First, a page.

Abstract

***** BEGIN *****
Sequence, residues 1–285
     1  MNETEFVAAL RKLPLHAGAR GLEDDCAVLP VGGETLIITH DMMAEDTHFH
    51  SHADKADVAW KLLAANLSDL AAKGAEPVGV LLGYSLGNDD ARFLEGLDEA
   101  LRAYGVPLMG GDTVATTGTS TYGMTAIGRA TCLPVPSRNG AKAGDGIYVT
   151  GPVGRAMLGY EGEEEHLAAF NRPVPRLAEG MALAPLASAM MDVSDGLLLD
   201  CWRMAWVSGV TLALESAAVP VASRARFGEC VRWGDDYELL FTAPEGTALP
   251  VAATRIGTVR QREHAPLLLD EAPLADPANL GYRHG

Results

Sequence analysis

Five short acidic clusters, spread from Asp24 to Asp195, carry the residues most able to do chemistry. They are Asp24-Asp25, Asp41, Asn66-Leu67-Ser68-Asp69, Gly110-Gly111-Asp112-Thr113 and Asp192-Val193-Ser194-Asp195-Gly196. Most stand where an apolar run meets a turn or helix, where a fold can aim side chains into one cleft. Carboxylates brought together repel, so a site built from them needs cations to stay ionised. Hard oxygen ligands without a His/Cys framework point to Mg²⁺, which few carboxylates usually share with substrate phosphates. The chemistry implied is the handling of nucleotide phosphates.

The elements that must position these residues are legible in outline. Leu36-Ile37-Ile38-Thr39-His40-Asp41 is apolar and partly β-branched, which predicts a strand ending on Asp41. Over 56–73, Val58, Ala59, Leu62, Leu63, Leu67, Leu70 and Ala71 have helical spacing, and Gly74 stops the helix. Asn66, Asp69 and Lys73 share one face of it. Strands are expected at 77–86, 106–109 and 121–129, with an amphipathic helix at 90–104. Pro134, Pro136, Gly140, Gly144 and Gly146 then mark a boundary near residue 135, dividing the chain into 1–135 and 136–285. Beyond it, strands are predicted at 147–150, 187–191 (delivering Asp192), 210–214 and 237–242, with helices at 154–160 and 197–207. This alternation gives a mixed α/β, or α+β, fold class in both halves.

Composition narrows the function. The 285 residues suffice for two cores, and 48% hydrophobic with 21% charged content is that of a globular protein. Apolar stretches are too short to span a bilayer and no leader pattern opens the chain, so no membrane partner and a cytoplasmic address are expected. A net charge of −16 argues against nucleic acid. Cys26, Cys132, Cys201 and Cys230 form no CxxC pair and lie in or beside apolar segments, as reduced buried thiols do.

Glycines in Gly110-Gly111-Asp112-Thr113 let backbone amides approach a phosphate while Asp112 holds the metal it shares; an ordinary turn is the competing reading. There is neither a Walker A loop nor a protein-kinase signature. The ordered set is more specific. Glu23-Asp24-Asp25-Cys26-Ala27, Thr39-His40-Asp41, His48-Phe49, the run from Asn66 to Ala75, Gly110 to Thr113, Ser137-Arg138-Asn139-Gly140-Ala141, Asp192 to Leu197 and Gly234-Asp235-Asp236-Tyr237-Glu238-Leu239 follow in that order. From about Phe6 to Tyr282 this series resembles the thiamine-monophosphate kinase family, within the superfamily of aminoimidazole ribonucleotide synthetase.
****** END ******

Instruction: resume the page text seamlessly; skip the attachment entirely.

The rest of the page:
Blood coagulation is initiated when cryptic tissue factor (TF) becomes exposed on the surface of vascular cells where it can bind circulating factor VIIa (fVIIa). The resulting fVIIa/TF enzyme complex catalyzes the activation of certain blood zymogens that propagate the coagulation event. As a key enzyme for the initiation of coagulation, circulating fVIIa levels have been viewed as an indicator of hemostatic potential and may also be an indicator for the risk of developing cardiovascular disease. The formation of the fVIIa/TF complex is also the basis of specific coagulation assays. Natural or synthetic TF is employed in the prothrombin time (PT assay) where it is used to initiate coagulation in vitro. Therefore, fVIIa and TF play important roles both in vivo and in vitro. Despite such important roles, there have been no simple methods described for measuring the active forms of either protein. This report describes the initial development of an assay for fVIIa and TF that employs the use of an Aminonaphthalenesulfonamide-based (ANSN) fluorogenic substrate. The ANSN substrate is hydrolyzed by fVIIa in a TF-dependent manner, and by titrating fVIIa into a system containing excess TF, the assay becomes sensitive to the fVIIa concentration. Inversely, by titrating TF into a system containing excess fVIIa, the assay becomes sensitive to the TF concentration. This approach has led to the development of both a rapid kinetic and an end-point assay method for each analyte providing detection ranges down to 156 and 1.56 pM respectively. The utility of these assays is displayed by the following applications. Thromboplastin reagents are generally qualified against a W.H.O. standard and are assigned a numerical value known as the International Sensitivity Index (ISI). Theoretically the ISI value should be affected by the quantity and quality of TF in each preparation. An inverse relationship between ISI value and the amount of functional TF would support this theory. To prove this relationship the TF assay was employed to examine two thromboplastin reagents with ISI values of 1.84 and 1.01. The concentration of functional TF measured by this assay was 10.8 nM and 14.6 nM respectively. Because most commercial thromboplastin reagents are prepared by adding TF on a mass basis (as opposed to a functional basis), target ISI values are often missed, leading to an excessive number of failed lots. The TF functional assay provides a method for assigning a specific activity to each TF preparation. By adding TF on a functional basis, lot-to-lot variability would be minimized and target ISI values would be easily achieved. To substantiate this claim, we have determined the functional activity of seven different lots of purified recombinant human TF. With each lot analyzed at a fixed concentration, we observed a broad range of specific activity (range: 8,250 U/sec/mg -14,500 U/sec/mg). These data support the need for a functional TF assay to be incorporated in the manufacturing process of thromboplastin reagents. Lastly, the utility of the fVIIa assay was demonstrated in an experiment using factor VII-deficient plasma samples that were spiked with known quantities of fVIIa. Plasma samples spiked with fVIIa in the range of 0.5-2nM returned mean assay values within 71–100% of the expected values. These data demonstrate the feasibility of using the fVIIa assay to monitor fVIIa levels in hemophilia patients receiving recombinant fVIIa therapy. Further studies will address the circulating concentrations of fVIIa and TF in “normal” and disease state plasma samples.

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